Paranoid Penguin - Application Proxying with Zorp, Part II
In my last column, I sang the praises of application-layer proxy firewalls and introduced Balazs Scheidler's Zorp firewall suite, available in both commercial and free-of-charge versions. This column continues where we left off, discussing basic Zorp configuration for a simple inside-DMZ-outside scenario. We are going to configure only a couple of services, but this should be enough to help prospective Zorp users begin building their own intelligent firewall systems.
To review, application-layer proxies broker rather than merely pass the traffic that flows through them. For example, when a user on one network initiates an HTTP session on the other side of a proxying firewall, the firewall intercepts and breaks the connection, acting both as the server (from the client's viewpoint) and as the client (from the destination server's standpoint).
Zorp uses transparent proxies, which means that users behind a Zorp firewall need not be aware that the firewall is there; they may target foreign addresses and hostnames without configuring their software to communicate with the proxy. This is an important mitigator against the ugly fact that proxies are inherently more complicated than other kinds of firewalls. With Zorp, all the complexity is in the back end, resulting in much happier end users.
But that doesn't mean Zorp is painful for its administrators, either. I'd rate its complexity as being higher than iptables but lower than sendmail.cf. So without further ado, let's configure ourselves a Zorp firewall.
This article assumes that, per my last column, you've successfully patched your Linux 2.4 kernel and your iptables binary to support the TPROXY module (see www.balabit.com/products/oss/tproxy). It also assumes you have compiled and/or installed packages for libzorpll, zorp and zorp-modules; source code and deb packages are available at www.balabit.com/products/zorp_gpl. My examples further assume you're running Zorp GPL version 2.0, though the examples should apply equally to Zorp Pro 2.0. Zorp Pro has some proxy modules not included with Zorp GPL, but the modules common to both behave the same.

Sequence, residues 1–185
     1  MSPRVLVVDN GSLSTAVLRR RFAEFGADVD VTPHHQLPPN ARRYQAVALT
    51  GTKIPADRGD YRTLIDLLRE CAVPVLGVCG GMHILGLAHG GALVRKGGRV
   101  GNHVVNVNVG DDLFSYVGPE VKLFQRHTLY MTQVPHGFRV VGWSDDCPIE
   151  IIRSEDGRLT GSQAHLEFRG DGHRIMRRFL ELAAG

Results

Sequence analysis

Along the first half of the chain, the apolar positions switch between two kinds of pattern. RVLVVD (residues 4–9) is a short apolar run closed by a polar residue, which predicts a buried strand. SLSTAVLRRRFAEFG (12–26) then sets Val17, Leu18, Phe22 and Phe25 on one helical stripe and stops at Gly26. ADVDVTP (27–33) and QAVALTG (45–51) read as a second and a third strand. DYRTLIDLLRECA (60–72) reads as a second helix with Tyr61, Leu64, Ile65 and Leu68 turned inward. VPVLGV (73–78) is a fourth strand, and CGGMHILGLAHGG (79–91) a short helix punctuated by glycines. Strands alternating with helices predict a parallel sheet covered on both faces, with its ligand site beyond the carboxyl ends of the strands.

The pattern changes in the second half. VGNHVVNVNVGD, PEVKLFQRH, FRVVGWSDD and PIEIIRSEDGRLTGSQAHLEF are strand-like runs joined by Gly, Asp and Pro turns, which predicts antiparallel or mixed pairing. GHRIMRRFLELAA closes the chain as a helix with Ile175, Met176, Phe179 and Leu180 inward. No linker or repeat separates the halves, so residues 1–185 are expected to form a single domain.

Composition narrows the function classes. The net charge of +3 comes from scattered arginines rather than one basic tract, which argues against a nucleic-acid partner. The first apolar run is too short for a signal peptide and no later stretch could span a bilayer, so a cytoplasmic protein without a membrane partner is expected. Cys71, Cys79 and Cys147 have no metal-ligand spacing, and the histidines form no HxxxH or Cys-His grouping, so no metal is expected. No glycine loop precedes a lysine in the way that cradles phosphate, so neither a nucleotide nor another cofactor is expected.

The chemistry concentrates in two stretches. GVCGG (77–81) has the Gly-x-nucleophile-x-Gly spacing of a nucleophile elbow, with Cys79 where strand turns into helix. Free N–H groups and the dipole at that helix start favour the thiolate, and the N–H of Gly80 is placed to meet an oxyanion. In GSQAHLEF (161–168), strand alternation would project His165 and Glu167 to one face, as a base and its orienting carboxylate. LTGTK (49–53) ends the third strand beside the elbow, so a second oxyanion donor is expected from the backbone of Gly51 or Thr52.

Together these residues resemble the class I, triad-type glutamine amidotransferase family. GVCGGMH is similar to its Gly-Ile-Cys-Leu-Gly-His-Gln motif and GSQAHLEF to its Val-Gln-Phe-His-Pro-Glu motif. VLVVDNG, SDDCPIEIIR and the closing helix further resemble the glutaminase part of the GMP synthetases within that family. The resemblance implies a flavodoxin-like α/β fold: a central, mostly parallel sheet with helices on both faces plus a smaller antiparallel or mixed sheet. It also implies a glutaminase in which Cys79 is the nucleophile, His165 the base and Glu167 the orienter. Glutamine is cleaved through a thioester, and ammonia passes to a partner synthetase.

Zorp supports many more than three interfaces per firewall, but the most common firewall architecture nowadays is the three-homed-host architecture shown in Figure 1. This is the architecture I cover here.
Similarly, as you can see in Figure 1, we've got only three data flows: HTTP from the Internet to a DMZed Web server; HTTP from the internal network to the Internet; and HTTP and SSH from the internal network to the DMZ. Absent are things like IMAP, NNTP, FTP and other services that even simple setups commonly use. If you understand how to configure Zorp to accommodate these, though, you should be able to figure out others. I do, however, discuss DNS and SMTP, even though I omitted them from Figure 1.
The first thing we need to do doesn't directly involve Zorp but rather the TPROXY kernel module. In transparent proxying, TPROXY needs a dummy network interface to bind to whenever it splits a data flow in two. This needs to be an interface whose IP address is neither Internet-routable nor associated with any network connected to the firewall.
Linux 2.4 kernels compile with support for dummy network interfaces by default. You should have one, unless you intentionally compiled your kernel without dummy driver support. If so, compile a new kernel with dummy support. All you need to do for TPROXY's purposes, therefore, is explicitly configure dummy0 with a nonroutable and unused address. In Debian, you should add the following lines to /etc/networking/interfaces:
auto dummy0 iface dummy0 inet static address 22.214.171.124 netmask 255.255.255.255
Other distributions handle network configuration differently—Red Hat and SuSE use ifcfg- files in /etc/sysconfig/network—but hopefully you get the picture. Notice the 32-bit network mask: I repeat, this address must not belong to a real network.